During the Legends of Tomorrow panel at this weekend’s San Diego Comic-Con, fans learned some sad news. DC Comics antihero John Constantine, a recurring Legends character since 2017, will leave the show next season. Ordinarily, this would be a run-of-the-mill casting update, but it’s tied up in a weird conflict within the DC franchise: Constantine is only being written out because J.J. Abrams wants to reboot the character at HBO Max, with a different actor.
Superhero fans are used to seeing the same characters appear in different mediums, like the simultaneous airing of Gotham (featuring a young Bruce Wayne) and the big-screen Batman franchise. But apparently, there are limits. Matt Ryan has been playing Constantine since his own shortlived solo series in 2014, and his depiction is much closer to the comics than the 2005 blockbuster starring Keanu Reeves. For many newer fans, Ryan is the defining version of Constantine. It would be hard to launch another reboot while he’s still appearing on the CW, even if HBO Max’s version is more prestigious than the proudly B-list tone of Legends of Tomorrow.
If Matt Ryan had lost his job due to this CW/HBO Max dispute, then it would definitely count as a dick move. But this is Legends of Tomorrow, a show with a famously chaotic attitude. The show’s writers found a creative solution: As soon as Constantine leaves in season 7, Matt Ryan will return as a brand new character.
Ryan will now play Dr. Gwyn Davies, “an eccentric scientist from the early 20th century” who will assist the time-traveling Legends team. This presumably means Ryan will lose his unconvincing Constantine dye job, and (judging by the name) will return to his natural Welsh accent. Considering the show’s comedic tone and love of bizarre plot twists, the main characters will probably just joke about his new character’s mysterious resemblance to John Constantine, and move on. It’s no weirder than some of the hijinks you see in daytime soaps.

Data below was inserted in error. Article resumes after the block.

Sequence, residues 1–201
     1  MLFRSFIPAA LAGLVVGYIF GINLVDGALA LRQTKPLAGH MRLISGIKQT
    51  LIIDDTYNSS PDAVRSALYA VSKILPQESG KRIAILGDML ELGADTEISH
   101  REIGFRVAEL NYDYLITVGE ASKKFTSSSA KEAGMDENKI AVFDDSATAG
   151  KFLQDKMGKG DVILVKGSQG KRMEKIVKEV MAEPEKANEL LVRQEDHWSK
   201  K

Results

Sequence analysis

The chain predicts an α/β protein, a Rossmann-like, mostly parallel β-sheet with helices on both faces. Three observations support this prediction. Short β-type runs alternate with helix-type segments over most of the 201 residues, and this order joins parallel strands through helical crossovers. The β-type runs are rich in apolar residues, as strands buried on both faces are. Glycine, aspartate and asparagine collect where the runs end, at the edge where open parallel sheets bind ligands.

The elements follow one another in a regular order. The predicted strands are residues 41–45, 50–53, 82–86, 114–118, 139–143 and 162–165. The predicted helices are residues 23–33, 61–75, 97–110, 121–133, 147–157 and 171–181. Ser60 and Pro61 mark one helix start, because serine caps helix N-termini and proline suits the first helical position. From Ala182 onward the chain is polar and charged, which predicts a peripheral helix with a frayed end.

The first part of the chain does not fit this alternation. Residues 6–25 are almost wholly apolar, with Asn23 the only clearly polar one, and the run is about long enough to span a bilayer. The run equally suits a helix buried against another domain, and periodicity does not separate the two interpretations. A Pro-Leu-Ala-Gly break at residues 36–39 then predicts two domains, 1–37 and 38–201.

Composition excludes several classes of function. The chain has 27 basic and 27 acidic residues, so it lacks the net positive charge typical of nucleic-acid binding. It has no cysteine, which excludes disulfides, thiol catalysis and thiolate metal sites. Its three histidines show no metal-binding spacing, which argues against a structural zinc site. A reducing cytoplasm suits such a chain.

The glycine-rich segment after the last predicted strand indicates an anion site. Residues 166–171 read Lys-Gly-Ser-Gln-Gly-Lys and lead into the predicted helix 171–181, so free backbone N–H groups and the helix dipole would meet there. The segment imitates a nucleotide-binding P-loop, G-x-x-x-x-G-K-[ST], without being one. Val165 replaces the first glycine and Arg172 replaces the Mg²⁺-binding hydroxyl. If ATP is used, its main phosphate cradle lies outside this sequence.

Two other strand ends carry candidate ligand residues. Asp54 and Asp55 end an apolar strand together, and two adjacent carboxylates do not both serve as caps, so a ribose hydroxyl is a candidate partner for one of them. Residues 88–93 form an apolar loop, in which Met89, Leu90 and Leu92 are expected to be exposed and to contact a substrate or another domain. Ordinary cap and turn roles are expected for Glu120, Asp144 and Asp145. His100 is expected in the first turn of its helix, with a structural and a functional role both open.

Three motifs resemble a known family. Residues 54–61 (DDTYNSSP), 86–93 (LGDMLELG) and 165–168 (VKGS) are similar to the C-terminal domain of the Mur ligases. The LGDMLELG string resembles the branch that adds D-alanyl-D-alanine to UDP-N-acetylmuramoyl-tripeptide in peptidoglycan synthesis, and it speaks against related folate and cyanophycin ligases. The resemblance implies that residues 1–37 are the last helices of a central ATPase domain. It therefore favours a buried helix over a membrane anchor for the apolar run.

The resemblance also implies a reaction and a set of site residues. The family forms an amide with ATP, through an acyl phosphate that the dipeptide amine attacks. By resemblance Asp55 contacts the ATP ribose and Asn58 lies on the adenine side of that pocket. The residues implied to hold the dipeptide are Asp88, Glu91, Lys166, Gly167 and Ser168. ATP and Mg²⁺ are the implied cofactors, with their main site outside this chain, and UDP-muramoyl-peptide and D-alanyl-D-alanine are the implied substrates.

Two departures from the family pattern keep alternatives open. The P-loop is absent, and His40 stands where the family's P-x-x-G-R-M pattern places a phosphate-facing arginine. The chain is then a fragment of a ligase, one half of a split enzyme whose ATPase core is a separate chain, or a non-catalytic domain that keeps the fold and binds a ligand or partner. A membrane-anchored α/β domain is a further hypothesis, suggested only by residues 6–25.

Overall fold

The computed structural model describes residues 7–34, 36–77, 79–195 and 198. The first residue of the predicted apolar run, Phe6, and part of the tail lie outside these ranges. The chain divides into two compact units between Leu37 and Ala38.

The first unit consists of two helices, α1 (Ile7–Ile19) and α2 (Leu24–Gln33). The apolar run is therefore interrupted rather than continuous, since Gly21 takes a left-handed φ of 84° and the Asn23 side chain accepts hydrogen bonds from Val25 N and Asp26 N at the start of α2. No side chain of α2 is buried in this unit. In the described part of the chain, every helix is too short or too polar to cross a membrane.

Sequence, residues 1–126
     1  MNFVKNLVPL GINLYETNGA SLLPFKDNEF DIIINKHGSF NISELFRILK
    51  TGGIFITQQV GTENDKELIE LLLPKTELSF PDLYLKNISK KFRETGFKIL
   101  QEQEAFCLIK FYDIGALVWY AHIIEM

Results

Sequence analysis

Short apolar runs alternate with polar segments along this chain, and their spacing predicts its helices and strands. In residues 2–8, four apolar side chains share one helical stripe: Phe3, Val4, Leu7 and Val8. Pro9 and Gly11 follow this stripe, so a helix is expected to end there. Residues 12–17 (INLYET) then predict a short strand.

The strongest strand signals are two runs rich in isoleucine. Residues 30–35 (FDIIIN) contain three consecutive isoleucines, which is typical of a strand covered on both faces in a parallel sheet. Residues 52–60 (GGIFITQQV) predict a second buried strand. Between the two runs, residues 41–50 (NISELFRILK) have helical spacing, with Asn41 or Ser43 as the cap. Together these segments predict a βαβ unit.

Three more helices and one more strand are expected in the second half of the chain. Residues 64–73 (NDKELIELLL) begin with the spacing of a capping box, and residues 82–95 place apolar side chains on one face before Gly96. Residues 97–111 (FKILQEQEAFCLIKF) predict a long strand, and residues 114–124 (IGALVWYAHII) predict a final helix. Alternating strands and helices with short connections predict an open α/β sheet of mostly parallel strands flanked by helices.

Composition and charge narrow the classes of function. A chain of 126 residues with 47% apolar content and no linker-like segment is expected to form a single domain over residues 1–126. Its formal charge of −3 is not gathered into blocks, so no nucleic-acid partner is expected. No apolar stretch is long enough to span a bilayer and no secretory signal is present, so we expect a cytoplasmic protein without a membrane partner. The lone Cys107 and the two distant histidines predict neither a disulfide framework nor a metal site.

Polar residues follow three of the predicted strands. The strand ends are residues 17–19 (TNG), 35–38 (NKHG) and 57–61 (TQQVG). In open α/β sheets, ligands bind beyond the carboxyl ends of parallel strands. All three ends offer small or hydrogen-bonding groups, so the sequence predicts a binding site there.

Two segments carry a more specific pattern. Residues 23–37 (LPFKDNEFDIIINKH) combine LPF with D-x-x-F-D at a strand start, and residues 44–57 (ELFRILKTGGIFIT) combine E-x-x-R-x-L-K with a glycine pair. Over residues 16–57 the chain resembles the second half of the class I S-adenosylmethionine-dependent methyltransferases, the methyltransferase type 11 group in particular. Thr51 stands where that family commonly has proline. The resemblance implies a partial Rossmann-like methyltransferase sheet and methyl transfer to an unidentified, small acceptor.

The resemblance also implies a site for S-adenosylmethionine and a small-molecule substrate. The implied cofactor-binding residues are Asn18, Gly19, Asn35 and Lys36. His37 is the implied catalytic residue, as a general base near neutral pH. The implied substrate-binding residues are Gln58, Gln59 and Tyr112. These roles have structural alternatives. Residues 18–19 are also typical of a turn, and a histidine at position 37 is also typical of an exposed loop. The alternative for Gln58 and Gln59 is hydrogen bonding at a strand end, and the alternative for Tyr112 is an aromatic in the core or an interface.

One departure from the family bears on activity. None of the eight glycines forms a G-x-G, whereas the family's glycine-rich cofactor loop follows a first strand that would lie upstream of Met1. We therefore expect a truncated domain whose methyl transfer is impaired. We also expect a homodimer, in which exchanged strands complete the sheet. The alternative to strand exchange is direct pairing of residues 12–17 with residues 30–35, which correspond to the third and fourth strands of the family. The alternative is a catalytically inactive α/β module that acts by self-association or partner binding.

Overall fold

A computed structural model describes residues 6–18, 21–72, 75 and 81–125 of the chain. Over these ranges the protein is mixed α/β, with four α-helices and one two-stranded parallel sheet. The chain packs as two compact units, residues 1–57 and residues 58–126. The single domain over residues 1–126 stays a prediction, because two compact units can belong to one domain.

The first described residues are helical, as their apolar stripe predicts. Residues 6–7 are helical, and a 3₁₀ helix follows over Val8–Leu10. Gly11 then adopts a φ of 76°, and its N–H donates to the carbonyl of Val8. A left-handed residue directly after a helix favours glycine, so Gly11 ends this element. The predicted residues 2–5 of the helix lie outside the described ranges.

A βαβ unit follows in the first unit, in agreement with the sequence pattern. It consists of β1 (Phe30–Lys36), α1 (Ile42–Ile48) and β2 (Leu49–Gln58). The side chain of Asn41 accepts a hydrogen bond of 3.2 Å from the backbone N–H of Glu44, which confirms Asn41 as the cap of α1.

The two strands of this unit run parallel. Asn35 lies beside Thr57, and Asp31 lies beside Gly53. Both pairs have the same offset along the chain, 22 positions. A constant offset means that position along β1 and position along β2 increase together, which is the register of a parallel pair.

The HBO Max Constantine reboot will reportedly cast an actor of color in the title role. It’s expected to have a darker tone than the previous two adaptations, since Matt Ryan’s version is more comedic while the Keanu Reeves movie departed greatly from the comics, recasting Constantine as an action-packed American hero. The classic Hellblazer comics are more cynical and politically complex, mixing dark magic with social realism in 1980s-’90s Britain. Rather than depicting Constantine as a powerful magician, he’s more likely to defeat his enemies through lies and trickery—usually without a true sense of victory. This downbeat, morally ambiguous tone didn’t work for a Hollywood blockbuster, but it may be more viable in the current era of adult superhero adaptations.
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